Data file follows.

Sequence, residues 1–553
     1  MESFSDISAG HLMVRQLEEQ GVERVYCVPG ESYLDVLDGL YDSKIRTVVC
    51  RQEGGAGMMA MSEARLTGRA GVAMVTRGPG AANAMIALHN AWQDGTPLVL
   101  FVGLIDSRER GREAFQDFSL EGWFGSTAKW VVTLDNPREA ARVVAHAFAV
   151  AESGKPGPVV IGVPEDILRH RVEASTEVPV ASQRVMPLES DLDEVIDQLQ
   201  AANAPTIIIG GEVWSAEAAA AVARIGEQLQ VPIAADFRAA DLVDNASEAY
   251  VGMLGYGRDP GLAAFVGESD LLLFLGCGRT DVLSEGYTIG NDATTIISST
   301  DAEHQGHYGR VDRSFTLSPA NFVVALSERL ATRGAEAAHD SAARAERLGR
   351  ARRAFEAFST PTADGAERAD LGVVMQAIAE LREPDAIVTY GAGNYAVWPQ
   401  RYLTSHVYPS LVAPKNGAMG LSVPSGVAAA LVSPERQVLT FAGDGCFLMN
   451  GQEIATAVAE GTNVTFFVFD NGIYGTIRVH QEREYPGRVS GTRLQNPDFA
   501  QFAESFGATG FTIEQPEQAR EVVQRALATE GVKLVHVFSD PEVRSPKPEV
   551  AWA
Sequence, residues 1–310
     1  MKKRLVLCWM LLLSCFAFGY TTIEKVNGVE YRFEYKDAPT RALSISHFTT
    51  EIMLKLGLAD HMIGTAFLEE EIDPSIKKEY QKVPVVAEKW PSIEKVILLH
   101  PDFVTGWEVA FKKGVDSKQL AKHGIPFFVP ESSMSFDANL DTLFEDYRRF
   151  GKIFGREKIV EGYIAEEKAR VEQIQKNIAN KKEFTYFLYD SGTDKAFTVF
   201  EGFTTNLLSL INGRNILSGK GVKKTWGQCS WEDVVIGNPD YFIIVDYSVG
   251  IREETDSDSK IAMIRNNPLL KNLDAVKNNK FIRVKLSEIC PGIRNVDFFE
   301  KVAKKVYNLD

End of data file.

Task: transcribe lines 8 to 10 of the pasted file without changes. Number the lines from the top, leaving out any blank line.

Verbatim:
   301  DAEHQGHYGR VDRSFTLSPA NFVVALSERL ATRGAEAAHD SAARAERLGR
   351  ARRAFEAFST PTADGAERAD LGVVMQAIAE LREPDAIVTY GAGNYAVWPQ
   401  RYLTSHVYPS LVAPKNGAMG LSVPSGVAAA LVSPERQVLT FAGDGCFLMN